Monday, January 17, 2011

Besieging for Dummies, or Bill James on hostage talks

I.J. Parker, author, Detectives Beyond Borders commenter, and acid-tongued critic of writing she doesn't like, disagrees with me on the merits of Bill James. For her, "There is such a crazy abundance of words as characters contemplate absolutely everything at great length, whether it's relevant or not, that I want to strangle the author and his characters."

She'd likely not want to strangle James if she met him. He's a cheerful, soft-spoken sort, more than willing to pose for photos with admiring fans. But Parker is an acute reader; words do flow in crazy abundance in James' books, at least the more recent ones. The difference is that I like the effect. Here's Colin Harpur in James' newest, I Am Gold, contemplating a hostage negotiation with an armed kidnapper who calls himself John:

"Harpur thought the greeting, regreeting, fizzled with emptiness and formula. Naturally it did. It came from the manual — Besieging for Dummies, or something like. And, just as naturally, this boy, this boy `John' in there could recognize smooth-textured bullshit. Very likely these calls would contain nothing but. In fact, perhaps ultimately there'd be so much he would get disorientated by it, half smothered by it, gently and mercilessly chinwagged into collapse and surrender by it. But, maybe he recognized this hazard and left the phone dead for spells while he got his breath back."
That's a bigger step into contemplation than is usual in a police procedural, with perhaps more irreverence than is the custom, but the effect is all the stronger for this. ("mercilessly chinwagged into collapse and surrender" is nice because unexpected.) And, for all the baroque smother of verbiage, it's a plausible thought about such a negotiation. It's relevant, in other words, pace Parker. And I giggled like an idiot at this:

"`You're trying to soften me, aren't you, Olly?' ...

"Rockmain mouthed: `Fuck, fuck, the smartarse fuck.' Harpur took that to be an admission John read the psychotactics right. Iles leaned over and tapped Rockmain on the arm. When Rockmain turned towards him Iles pantomimed a lavatorial scene, holding his nose with one hand and pulling an imaginary flush chain with the other: his thoughts on Rockmain's intervention."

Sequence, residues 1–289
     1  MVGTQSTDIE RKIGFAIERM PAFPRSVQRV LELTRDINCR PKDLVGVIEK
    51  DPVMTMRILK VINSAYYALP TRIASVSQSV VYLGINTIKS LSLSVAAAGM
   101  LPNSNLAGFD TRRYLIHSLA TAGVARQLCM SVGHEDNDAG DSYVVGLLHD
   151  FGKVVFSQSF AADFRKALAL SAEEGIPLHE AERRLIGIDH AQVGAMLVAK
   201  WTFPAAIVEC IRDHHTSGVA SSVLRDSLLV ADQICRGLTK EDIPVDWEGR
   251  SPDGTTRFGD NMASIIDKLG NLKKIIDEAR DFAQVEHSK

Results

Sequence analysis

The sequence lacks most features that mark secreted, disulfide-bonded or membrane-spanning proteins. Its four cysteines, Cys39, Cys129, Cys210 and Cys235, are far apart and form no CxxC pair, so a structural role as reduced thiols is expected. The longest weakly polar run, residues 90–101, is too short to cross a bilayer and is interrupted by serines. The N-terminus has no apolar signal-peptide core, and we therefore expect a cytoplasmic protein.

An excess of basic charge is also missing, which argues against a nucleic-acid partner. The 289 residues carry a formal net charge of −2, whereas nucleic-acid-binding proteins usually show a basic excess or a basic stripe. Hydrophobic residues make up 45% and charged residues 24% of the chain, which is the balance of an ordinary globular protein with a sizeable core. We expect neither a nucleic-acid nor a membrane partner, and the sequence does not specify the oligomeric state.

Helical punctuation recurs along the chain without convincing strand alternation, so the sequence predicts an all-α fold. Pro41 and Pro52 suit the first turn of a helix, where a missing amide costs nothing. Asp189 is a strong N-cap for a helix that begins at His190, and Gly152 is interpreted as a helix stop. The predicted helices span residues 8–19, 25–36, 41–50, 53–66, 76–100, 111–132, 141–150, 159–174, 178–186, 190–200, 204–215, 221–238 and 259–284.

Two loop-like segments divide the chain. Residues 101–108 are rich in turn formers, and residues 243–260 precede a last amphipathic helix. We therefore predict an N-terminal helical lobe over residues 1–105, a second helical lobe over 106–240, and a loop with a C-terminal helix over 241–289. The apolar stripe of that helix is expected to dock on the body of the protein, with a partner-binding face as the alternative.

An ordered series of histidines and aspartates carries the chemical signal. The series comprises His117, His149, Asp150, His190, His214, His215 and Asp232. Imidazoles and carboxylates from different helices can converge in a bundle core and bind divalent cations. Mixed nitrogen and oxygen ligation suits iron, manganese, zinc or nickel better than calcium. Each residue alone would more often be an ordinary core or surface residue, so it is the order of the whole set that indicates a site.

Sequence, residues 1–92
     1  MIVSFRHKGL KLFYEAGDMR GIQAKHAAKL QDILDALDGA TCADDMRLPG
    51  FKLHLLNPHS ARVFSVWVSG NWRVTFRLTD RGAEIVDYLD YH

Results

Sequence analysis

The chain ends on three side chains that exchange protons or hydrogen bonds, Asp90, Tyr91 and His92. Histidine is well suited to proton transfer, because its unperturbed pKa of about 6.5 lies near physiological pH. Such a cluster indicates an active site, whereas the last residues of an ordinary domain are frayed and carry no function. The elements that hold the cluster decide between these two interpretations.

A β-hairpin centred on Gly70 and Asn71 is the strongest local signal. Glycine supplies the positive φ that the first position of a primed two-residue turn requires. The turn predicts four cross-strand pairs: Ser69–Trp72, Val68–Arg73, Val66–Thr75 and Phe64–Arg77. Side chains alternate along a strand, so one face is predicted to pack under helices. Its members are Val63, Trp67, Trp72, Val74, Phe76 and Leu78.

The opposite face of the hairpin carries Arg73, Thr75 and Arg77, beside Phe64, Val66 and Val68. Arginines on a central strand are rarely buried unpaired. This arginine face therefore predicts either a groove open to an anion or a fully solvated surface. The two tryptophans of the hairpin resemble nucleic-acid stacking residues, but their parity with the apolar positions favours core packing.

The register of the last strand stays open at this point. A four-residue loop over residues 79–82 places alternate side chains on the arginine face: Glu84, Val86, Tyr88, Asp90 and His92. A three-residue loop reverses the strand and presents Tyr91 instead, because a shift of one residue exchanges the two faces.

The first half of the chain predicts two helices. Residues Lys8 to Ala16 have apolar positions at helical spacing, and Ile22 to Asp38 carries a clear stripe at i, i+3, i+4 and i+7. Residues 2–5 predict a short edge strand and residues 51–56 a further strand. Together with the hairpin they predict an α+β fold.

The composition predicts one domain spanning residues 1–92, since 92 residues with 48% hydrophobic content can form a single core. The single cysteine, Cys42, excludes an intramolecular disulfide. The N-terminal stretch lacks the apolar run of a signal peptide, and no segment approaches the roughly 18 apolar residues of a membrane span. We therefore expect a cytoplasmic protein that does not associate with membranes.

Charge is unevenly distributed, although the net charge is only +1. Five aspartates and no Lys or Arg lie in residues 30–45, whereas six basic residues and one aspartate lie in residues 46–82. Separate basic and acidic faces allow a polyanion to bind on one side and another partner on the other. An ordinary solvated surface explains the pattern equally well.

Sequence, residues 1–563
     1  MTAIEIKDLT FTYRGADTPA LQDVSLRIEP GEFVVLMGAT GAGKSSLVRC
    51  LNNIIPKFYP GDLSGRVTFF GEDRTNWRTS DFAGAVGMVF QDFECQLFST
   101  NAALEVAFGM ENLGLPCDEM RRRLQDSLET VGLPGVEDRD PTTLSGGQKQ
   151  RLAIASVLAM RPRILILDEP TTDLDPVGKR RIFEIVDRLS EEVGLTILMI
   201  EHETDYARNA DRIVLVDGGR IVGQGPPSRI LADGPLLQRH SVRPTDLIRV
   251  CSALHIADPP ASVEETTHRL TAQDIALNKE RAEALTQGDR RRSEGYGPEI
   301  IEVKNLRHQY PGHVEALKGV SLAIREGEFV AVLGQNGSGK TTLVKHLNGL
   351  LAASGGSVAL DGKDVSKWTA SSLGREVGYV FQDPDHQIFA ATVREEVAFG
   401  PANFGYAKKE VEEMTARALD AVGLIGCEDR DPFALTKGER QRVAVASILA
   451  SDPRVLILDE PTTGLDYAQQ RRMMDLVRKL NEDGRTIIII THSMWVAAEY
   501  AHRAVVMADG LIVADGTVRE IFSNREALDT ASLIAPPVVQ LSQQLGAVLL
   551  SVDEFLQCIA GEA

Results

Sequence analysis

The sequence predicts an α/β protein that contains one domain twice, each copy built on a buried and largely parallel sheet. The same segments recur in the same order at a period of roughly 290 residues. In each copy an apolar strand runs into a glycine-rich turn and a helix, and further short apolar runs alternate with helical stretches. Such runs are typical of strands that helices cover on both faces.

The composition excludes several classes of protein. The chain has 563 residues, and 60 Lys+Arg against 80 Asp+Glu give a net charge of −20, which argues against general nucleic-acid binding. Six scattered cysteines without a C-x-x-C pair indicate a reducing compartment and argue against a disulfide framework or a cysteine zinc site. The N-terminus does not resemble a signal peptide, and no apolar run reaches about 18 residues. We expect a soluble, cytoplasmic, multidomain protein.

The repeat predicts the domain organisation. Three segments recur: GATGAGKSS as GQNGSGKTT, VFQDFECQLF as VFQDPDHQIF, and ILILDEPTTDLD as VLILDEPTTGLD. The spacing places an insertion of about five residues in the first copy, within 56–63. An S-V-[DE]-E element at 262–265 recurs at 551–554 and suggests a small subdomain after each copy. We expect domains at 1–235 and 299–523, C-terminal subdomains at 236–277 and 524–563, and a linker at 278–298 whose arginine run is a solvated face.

That's relevant. More to the point, it's fun.

© Peter Rozovsky 2011

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16 Comments:

Anonymous I.J.Parker said...

Oh, Jeez!

Well, whatever turns you on. I was unutterably bored by the mental landscape of a policewoman approaching a crime scene. There is such a thing as verbal intoxication. And being in love with one's own writing.

But I tried James twice, and I will give him credit for being a sweet guy.

January 18, 2011  
Blogger adrian mckinty said...

I.J.

This does turn me on at least. There are too many dull books with dull prose already. If you just want the story go read Q is for Quidditch or whatever its called. I like novelists who love the language and have a bit of fun with it.

January 18, 2011  
Blogger Peter Rozovsky said...

I.J., I wondered after I made this post wherther the crazy abundance came with the later books -- and therefore which books of James' you had tried. James was always capable of great burst of gorgeous prose, but the bursts may have become floods only later.

January 18, 2011  
Blogger Peter Rozovsky said...

Adrian, James has lots of fun with the language, that's for sure. Start with one of the earlier books or the ones in the middle of the series, though.

That fun is why I can always read even the weaker entries in the Harpur & Iles series. The npvel I consider the weakest of the lot has one of the funniest comic exchanges.

January 18, 2011  
Anonymous I.J.Parker said...

Well, you know, Peter, on second thought, I cannot imagine anything more likely to intimidate posters than your blog on this occasion.

For heaven's sake, what if the nice Bill James reads that?

For the record, and it shouldn't need saying, readers have different tastes. That is as it should be. Beyond that we get into the murky waters of quality judgement, which doesn't really apply here since I was clearly frustrated by a stylistic approach. In my casual manner of posting I expressed myself strongly, but I doubt that anyone would seriously misread that line as anything but exaggeration.
As for the stream of consciousness technique, I confess I had serious problems with Joyce's ULYSSES and even more with FINNEGAN'S WAKE. I don't think I am at all unique in that.